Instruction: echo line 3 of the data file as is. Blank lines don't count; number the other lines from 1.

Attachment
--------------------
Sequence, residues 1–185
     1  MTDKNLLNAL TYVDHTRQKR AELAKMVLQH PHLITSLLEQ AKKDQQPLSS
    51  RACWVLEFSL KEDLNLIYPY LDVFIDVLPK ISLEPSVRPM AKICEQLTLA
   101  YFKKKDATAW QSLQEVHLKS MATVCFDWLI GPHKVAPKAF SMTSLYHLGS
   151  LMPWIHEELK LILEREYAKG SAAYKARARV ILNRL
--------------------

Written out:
    51  RACWVLEFSL KEDLNLIYPY LDVFIDVLPK ISLEPSVRPM AKICEQLTLA